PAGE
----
The bird at the feeder had me stymied. The green body color, yellow underbelly, and eye ring had me wondering what bird was enjoying an afternoon treat.
It didn’t have the bill of a warbler, but the coloring reminded me of female warblers I’ve seen in spring.
After watching the bird for five minutes and puzzling over what it could be, I decided it was best to ask the expert on site.
I walked inside the Merritt Island National Wildlife Refuge Visitor Center and asked the staff behind the desk.
She took one look at the feeder outside their window at the feeder, and grinned,
That’s the female Painted Bunting.
A wide smile broke out across my face.
Really? I replied.
I found it! Finally.
After seeing a blur of a Painted Bunting a couple years ago at Merritt Island, I had finally seen the Painted Bunting.
My Quest to See the Painted Bunting
Seeing the Painted Bunting in mainland United States is a dream come true for many birders.
The brilliantly colored birds are seen in southern United States, but prove to be elusive birds for many birdwatchers, including me!
I had chased Painted Buntings for years, traveling to Texas, North Carolina, and Florida. To no avail.
I would learn the bird had appeared a few days earlier, but no one had seen it since.
This time, after talking with the staff at the Visitor Center, I was given a bit more hope.
They said if the female was at the feeder, the male would soon appear as well.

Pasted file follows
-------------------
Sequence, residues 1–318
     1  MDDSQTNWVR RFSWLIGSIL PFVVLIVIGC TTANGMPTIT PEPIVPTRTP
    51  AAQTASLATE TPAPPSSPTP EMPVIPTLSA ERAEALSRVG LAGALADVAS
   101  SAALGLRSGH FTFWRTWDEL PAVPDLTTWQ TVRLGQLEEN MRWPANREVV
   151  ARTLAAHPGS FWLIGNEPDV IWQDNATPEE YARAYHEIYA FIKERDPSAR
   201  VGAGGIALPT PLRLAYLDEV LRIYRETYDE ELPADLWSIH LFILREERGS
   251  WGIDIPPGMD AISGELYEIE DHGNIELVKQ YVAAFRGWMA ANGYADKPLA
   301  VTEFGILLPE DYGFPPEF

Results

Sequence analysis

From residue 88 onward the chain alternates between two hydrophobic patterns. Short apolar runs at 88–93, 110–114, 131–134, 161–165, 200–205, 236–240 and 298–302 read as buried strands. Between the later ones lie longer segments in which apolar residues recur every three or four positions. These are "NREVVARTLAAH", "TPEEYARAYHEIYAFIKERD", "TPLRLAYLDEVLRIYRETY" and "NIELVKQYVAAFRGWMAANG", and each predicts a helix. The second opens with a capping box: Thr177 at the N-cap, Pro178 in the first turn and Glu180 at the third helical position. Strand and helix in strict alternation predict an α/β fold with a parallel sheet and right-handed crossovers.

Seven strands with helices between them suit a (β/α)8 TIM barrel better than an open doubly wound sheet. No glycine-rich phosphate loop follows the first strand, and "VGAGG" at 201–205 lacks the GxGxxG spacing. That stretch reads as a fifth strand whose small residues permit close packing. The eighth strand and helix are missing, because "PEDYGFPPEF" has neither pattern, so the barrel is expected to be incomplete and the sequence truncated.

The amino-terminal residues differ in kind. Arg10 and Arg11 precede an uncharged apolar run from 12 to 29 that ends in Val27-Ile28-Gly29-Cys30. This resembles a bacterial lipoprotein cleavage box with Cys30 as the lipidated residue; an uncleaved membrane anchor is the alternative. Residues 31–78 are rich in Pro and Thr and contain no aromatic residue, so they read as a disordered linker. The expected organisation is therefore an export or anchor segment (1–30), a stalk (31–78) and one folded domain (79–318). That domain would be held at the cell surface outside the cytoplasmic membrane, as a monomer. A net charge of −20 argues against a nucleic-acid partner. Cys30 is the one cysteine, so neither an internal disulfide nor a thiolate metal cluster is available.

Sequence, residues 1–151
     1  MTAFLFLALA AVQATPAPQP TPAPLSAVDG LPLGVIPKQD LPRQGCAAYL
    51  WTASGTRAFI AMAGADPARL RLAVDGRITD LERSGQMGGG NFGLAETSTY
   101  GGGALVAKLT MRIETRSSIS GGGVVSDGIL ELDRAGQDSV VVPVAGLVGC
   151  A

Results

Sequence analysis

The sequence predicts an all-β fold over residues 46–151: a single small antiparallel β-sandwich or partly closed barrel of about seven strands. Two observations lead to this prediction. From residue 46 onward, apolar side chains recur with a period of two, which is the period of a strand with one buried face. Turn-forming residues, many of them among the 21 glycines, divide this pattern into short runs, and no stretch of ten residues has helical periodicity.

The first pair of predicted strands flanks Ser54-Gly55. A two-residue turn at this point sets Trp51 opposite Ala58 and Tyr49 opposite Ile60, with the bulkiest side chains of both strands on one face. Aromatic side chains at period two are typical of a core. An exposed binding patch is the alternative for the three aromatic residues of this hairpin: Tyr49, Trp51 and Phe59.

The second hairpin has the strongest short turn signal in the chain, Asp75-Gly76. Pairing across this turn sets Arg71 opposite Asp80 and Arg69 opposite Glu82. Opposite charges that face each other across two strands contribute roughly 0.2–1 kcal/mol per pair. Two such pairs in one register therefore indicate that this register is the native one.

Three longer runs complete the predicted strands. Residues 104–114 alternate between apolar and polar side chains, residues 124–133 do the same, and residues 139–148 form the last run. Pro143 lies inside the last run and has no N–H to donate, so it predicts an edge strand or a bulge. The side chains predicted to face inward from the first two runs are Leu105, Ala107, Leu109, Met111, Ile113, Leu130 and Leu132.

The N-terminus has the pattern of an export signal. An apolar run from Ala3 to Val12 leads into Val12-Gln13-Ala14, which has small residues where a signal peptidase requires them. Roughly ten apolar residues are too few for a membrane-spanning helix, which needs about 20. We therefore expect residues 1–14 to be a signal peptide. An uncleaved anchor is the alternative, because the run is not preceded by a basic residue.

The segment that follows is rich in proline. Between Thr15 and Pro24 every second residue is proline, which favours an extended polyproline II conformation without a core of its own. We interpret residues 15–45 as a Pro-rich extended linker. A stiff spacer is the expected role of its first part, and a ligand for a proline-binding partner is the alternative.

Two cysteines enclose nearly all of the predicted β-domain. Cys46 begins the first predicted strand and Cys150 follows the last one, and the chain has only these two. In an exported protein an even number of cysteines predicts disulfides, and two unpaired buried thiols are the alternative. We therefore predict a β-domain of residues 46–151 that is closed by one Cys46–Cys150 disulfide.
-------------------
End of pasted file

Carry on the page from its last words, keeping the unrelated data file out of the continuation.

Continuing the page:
And that’s what happened about 20 minutes later. Though in a similar fashion as a couple years ago, but with a better outcome.
Hiding in Plain Sight
I stood still on the deck of the Visitor Center, my binoculars scanning the nearby shrubs and plants.
A blur of bright color appeared in my binoculars: the male Painted Bunting perched on a branch behind the feeder!
Unfortunately, as quickly as he appeared, he disappeared into the greenery, Scared off by four aggressive Red-winged Blackbirds that stayed at the feeder for more than 15 minutes before they took off in flight.
I waited patiently for the Painted Bunting to return to the feeder.
I heard sounds behind the feeder, but due to my location, I couldn’t see any birds on the rim of the feeder.
After five minutes, my patience was rewarded!
A blue head peaked out from behind the feeder, the male Painted Bunting had been there for the past few minutes, but was blocked by the tubular feeder.
He never showed himself fully, as the female Painted Bunting did. But I could see his brilliant red and green body as he paused to eat bird seed.
He and his mate were a glorious sight to see!